Rate of Perceived Exertion: A Guide for Runners

Rate of Perceived Exertion - A Guide For Runners

This is my summer of #slowrunning. I’m not training for anything. I’m focusing more on enjoying my runs and observing my surroundings. Because of where I live, local running routes are, for the most part, super hilly.

Factoring in the hill routes, my low-key running mood and the general angst surrounding living in the midst of a pandemic, my traditional measures for runs are irrelevant.

Pace? I’m running hundreds of feet of elevation in only a few miles, my pace is best described as glacial.

Distance? I’m not preparing for a race, so I never need to ensure I can run any particular number of miles.

While my race-less, #slowrunning summer means I don’t have to track and pour over my run stats, I’m still a record keeper and note taker by nature.

I want something to keep track of. Something to write down, so I know how each run fits into the bigger picture of my fitness.

After thinking through my options, I settled on tracking my rate of perceived exertion (RPE) for each run.

What is Rate of Perceived Exertion (RPE)

The rate of perceived exertion is used to measure the intensity of your exercise.

In short, it’s how hard a run feels.

RPE is a subjective assessment of how physically and mentally difficult an exercise is for you.

Your run’s RPE will take into consideration not only your pace and the geography of your route, but also external factors like the weather and ‘fuzzier’ factors like your diet, how well you slept, and how distracted you are on the run.

After all, those external and fuzzier factors have just as big of impact on your run as anything else.

Running the same route, at the same pace, on a beautiful spring day when you are totally focused on the run at hand will feel entirely different from that same course at the same pace on a hot, humid summer day when you haven’t been sleeping well and you are worried about an upcoming work deadline.

I’ve found using RPE is particularly well-suited for our current times when there are lots of distractions and stresses, many of which you may not be consciously aware of as you set out for a run.

Things to Know When Using RPE

RPE isn’t as straight-forward as pace or distance. A few things to note.

It Rarely (if ever) Directly Relates To Pace

For me, walking a super hilly route (likely at around 15ish minute miles) will be a similar RPE to sprinting on a flat track (a 7ish minute mile).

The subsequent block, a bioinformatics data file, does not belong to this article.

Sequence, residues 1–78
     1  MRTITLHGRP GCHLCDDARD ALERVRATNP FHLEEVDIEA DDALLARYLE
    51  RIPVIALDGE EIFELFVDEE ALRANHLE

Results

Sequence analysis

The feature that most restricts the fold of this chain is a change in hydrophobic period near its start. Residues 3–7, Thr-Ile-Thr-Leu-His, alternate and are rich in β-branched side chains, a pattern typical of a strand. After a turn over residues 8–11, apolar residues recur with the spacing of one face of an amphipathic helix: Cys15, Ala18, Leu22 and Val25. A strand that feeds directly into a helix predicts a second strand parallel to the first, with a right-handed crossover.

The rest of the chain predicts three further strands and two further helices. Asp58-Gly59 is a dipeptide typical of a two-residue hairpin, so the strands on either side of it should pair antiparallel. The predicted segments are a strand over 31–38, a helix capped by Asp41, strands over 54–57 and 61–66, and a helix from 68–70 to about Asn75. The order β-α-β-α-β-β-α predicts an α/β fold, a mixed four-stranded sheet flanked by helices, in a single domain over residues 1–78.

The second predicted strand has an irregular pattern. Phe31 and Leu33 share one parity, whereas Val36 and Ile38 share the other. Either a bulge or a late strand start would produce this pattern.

RPE can be a good tool for runners who tend to focus on (or obsess over) pace. Being too focused on pace can make runners ignore what their bodies are saying. Pace-obsessed runners can push too hard on some days (if the weather is nasty, or if work stresses are high, for example). But they can also hold themselves back on days when everything is firing on all-cylinders and everything feels easy.

RPE is a good reminder that not all factors impacting your run can be found in a Garmin data field.

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RPE Will Vary

Every run starts off with a blank slate.

There is no way to know in advance how hard a run is going to feel.

RPE factors in so many things that no two runs will ever feel exactly the same (from an RPE POV), even if the run stats match on paper.

You Need To Know Thyself and It’s Entirely Subjective

This is either the best part, or the worst part, of using RPE, depending on who you are: RPE is entirely subjective and you need to be in touch with your body.

For RPE to work, you need to listen to your body and your mind. You need to ask yourself (and answer honestly): ‘how do I feel right now?’

It’s always hard to be honest with self-judgements.

It can be an ego blow when you realize that walking (very slowly) up a steep hill feels like death. I often find myself saying: “I know I’m fitter than this!” puffing up a hill during my recent neighborhood outings.

And for runners who have only ever used pace as a run measure, it’s hard to break the habit of thinking of a particular pace as your ‘hard run’ or ‘easy run’ pace.

Rate of Perceived Exertion Scales

There are endless ways to judge and scale RPE.

The Cleveland Clinic has one of the most famous 10-point scales. The Borg Scale is a commonly used 20-point scale.

I’ve never used Strava’s new(ish) Perceived Exertion feature personally, but they use a 10-point scale broken down into four general categories:

  • Easy (1-3): Very comfortable
  • Moderate (4-6): Within your comfort zone but working
  • Hard (7-9): Outside your comfort one
  • Max effort (10): At your physical limit or past it

My Rate of Perceived Exertion Scale

For running, I use a 10-point RPE scale that uses a talk test (how easy/comfortable it is to talk to yourself or your running buddies) to gauge effort.

The talk test can take some of the ego out of determining how hard a run is (or was).

  • RPE 1: Very light activity; can talk with no effort
  • RPE 2-3: Easy; light activity; can talk with almost no effort; could maintain the conversation for hours
  • RPE 4: Moderately easy; can talk comfortably with little effort
  • RPE 5: Moderate; conversation requires some effort, but could be maintained
  • RPE 6: Moderately hard; conversation requires effort and occasional breaks to catch your breath
  • RPE 7: Vigorous; conversation requires a lot of effort. Can speak (at most) a sentence at a time
  • RPE 8: Very difficult; conversation requires maximum effort. Can speak (at most) a word at a time
  • RPE 9–10: Peak effort; no-talking zone

Give RPE a shot on your next run. If you are running alone and don’t like talking to yourself, sing along to your music (or pretend to) as a replacement for the talk test.

Even if it isn’t something you rely on, it can help you get in touch with your body and where you are with your fitness.

Rate of Perceived Exertion - A Guide For Runners



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